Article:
someone said something about the amount of recruits per team - this is also correct - Victoria was one of 6 for women's rowing.
     
  9. JJBsDad

    JJBsDad Member

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    Recruiting Trips

    My son is currently being recruited by the track coach at USNA. He is a junior in HS and the coach told him that the Academy will fly him to Annapolis in the Fall of 2014 for a recruiting trip. So, its my understanding that USNA provides recruiting trips for their prospective student/athletes.
     
  10. jj18

    jj18 Member

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    My son is being actively being recruited by both the USAFA and USNA for water polo. Both academies flew him out for an official visit.

    He has a LOA for the Navy. And was blue chipped for Air Force. He's received nominations to both.

    I just wish he'd receive the official letter of appointment in the mail... and his other civilian universities acceptance so he could make some decisions!
     
  11. Memphis9489

    Memphis9489 Parent

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    The great thing about being recruited and playing at a service academy is that your "scholarship" is not contingent on playing the sport like it is at other universities. You can be recruited - show up for I-Day - get sworn in and decide, "Nah, I don't think I really want to play basketball, after all." There's nothing they can do about it.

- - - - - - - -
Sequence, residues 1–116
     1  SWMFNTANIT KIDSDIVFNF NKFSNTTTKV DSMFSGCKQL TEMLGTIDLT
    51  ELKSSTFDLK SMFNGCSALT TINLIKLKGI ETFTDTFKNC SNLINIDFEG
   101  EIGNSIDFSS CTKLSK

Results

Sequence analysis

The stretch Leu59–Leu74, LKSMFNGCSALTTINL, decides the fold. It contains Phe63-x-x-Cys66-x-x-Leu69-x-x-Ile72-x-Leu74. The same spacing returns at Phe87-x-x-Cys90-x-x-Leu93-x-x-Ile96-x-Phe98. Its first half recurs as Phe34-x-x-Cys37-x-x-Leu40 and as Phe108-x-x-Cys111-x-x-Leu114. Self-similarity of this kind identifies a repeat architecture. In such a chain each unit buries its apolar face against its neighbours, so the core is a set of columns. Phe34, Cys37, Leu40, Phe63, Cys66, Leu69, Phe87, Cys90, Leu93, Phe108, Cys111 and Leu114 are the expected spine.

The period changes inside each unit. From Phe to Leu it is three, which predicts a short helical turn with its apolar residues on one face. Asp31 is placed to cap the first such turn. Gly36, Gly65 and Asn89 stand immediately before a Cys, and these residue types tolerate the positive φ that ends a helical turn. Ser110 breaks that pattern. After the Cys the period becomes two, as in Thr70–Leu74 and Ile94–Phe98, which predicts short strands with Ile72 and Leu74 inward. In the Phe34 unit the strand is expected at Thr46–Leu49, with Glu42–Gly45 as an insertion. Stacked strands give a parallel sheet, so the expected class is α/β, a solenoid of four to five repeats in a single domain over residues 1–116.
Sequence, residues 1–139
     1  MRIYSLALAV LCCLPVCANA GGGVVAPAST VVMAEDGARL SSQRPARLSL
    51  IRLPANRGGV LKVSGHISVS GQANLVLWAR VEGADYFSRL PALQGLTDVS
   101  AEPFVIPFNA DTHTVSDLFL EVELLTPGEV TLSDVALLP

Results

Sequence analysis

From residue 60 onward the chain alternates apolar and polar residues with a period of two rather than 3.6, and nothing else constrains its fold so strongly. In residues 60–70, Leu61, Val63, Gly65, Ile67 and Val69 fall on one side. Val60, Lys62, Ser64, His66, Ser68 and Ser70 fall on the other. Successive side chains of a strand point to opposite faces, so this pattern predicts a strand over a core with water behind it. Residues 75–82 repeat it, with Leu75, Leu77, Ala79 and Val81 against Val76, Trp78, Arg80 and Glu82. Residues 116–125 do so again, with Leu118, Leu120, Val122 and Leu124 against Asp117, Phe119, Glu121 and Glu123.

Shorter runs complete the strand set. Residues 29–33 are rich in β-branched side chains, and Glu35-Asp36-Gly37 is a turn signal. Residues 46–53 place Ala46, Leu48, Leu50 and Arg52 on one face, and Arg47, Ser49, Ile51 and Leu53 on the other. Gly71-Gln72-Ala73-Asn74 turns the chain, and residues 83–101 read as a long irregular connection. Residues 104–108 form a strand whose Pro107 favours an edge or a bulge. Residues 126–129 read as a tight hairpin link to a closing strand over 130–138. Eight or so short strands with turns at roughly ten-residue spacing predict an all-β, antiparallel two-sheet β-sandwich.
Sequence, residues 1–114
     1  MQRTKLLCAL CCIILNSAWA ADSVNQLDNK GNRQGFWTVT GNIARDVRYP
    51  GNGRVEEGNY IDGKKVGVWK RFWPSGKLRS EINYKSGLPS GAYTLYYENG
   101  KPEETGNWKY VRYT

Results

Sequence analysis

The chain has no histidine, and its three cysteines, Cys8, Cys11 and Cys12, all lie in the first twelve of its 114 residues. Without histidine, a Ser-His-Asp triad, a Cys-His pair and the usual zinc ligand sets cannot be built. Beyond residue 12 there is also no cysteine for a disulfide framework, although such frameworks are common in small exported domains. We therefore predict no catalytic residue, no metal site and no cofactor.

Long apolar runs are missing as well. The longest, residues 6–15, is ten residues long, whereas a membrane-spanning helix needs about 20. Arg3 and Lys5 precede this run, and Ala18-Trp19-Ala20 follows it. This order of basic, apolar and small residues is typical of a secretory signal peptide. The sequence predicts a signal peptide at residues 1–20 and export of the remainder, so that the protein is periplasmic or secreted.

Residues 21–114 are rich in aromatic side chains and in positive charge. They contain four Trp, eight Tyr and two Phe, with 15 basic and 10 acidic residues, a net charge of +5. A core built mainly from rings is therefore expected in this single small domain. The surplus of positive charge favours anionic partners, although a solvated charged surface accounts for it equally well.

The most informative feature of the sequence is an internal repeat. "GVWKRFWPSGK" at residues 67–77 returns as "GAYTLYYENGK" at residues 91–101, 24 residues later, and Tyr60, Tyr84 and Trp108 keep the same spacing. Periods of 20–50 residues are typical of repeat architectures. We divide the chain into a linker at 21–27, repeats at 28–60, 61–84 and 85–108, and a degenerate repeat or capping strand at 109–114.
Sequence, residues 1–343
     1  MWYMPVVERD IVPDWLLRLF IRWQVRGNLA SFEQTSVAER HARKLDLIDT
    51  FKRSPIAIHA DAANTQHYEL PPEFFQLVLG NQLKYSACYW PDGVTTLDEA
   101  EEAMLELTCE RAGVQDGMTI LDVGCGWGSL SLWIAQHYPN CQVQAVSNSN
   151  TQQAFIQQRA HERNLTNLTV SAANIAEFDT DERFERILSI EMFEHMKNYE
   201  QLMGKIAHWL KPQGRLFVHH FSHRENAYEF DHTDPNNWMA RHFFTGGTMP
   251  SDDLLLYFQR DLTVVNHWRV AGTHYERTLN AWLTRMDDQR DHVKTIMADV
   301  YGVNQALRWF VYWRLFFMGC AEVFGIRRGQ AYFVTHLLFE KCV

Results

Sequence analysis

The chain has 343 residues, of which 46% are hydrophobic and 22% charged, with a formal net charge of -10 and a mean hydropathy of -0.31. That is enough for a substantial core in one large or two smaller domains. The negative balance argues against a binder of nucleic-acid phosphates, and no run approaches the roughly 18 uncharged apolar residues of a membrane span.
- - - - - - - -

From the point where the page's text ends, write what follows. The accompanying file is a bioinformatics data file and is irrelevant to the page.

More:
Also, sometimes the sports career does not pan out like the athlete expects. They do not end up being the contributor they (or the coach) expected. They may lose their position to an underclassman. They do not end up as a starter. They lose their passion for the sport. They start thinking, "Why am I subjecting myself to time consuming practices just to watch everybody else play?" You can quit the sport with no repercussions. Try that at the University of Alabama.